Atchafalaya River Research Paper

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The Atchafalaya River is the third- ranking river on the earth. It’s located in South Louisiana, with its base the gulf coast from the mouth of the Mississippi river almost to Texas, its two sides coming together up near the lock and not including New Orleans or Baton Rouge. The Mississippi river with its sand and stuff has created most of Louisiana and couldn’t have done it by remaining in one channel. If it did then southern Louisiana would be a long peninsula reaching into the Gulf of Mexico. Southern Louisiana is still in its form now because the Mississippi river jumped here and there with an arc bout two hundred miles wide. For the Mississippi to make such a big change was completely natural, but in the wait dince the last shift Europeans…show more content…
It was running at about twelve miles an hour significantly faster than the Yukon after breakup and it was pounding into the so-called stilling basin on the downstream side, the least still place you would ever see. There was a high sill next to this one a separate weir, two-thirds of a mile long and set two feet above the local flood stage, its purpose being to help regulate the flow of extremely high waters. The low sill, as the one we stood on was frequently called, was the prime valve at Old River, and dealt with the water every day. In the mid-sixties, a man alone had come down from Wisconsin in a small double-ended vessel with curling ends and tumblehome a craft that would not have been unfamiliar to the Algonquians, who named the Mississippi. A towboat coming up the Atchafalaya may be running from Corpus Christi to Vicksburg with a cargo of gasoline, or from Houston to St. Paul with ethylene glycol. Occasionally, Rabelais sees a sailboat, more rarely a canoe. One time, a cottonwood-log dugout with a high Viking bow went past Old River. A ship carrying Leif Eriksson himself, however, would be less likely to arrest the undivided attention of the lockmaster than a certain red-trimmed cream-hulled vessel called Mississippi, bearing Major General Thomas…show more content…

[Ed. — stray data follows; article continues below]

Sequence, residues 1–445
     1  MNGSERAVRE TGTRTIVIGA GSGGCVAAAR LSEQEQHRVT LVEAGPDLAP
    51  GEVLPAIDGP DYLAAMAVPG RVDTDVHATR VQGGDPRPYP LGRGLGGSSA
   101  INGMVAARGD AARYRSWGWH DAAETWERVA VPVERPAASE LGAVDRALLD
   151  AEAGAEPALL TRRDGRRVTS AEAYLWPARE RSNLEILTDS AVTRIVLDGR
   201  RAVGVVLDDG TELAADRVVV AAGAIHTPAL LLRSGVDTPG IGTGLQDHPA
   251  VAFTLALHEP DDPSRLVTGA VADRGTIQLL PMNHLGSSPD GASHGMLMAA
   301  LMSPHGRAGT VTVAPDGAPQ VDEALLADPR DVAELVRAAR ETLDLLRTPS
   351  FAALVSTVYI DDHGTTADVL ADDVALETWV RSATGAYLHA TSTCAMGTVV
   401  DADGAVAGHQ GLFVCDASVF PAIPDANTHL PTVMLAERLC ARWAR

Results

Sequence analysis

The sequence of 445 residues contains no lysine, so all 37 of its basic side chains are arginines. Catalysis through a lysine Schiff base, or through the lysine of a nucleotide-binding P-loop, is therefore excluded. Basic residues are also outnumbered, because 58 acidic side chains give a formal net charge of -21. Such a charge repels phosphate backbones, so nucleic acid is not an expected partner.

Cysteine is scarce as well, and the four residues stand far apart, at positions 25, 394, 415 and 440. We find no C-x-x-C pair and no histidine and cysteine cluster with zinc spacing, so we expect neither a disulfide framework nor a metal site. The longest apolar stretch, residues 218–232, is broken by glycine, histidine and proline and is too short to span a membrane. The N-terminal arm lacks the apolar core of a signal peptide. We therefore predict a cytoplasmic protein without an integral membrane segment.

Another was James B. Eads, probably the most brilliant engineer who has ever addressed his attention to the Mississippi River. As a young man, he had walked around on its bottom under a device of his own invention that he called a submarine. As a naval architect in the Civil War, he had designed the first American ironclads. Later, at St. Louis, he had built the first permanent bridge across the main stem of the river south of the Missouri. Every atom that moves onward in the river, from the moment it leaves its home among the crystal springs or mountain snows, throughout the fifteen hundred leagues of its devious pathway, until it is finally lost in the vast waters of the Gulf, is controlled by laws as fixed and certain as those which direct the majestic march of the heavenly spheres. In 1882 came the most destructive flood of the nineteenth century. After breaking the levees in two hundred and eighty-four crevasses, the water spread out as much as seventy miles. In the fertile lands on the two sides of Old River, plantations were deeply submerged, and livestock survived in

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